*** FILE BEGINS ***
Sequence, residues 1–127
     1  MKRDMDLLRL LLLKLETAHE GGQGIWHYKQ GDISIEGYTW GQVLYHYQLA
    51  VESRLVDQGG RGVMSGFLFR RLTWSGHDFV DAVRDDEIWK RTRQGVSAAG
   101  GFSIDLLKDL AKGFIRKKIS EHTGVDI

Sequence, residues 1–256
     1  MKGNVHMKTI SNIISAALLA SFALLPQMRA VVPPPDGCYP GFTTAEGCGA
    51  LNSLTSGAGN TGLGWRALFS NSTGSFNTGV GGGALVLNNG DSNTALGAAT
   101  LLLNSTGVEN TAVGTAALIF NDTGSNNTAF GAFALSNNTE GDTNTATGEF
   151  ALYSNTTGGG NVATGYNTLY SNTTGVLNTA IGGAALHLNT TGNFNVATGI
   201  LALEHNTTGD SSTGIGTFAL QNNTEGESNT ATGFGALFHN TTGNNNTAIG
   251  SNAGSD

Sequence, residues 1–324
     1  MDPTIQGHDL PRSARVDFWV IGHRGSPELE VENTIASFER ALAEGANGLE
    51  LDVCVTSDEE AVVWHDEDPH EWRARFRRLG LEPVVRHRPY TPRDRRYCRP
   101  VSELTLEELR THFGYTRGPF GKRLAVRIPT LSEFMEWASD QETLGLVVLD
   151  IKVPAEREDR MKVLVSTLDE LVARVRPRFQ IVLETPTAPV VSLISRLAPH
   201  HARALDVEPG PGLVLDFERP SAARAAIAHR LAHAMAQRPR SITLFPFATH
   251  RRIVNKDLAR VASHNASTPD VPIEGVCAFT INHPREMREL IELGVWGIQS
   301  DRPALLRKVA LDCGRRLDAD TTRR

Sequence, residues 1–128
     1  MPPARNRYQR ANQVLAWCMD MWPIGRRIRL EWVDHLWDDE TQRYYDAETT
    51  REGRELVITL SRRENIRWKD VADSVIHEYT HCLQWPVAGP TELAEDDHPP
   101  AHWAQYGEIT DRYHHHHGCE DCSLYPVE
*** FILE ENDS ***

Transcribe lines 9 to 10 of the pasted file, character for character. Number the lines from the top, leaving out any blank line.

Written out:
   151  ALYSNTTGGG NVATGYNTLY SNTTGVLNTA IGGAALHLNT TGNFNVATGI
   201  LALEHNTTGD SSTGIGTFAL QNNTEGESNT ATGFGALFHN TTGNNNTAIG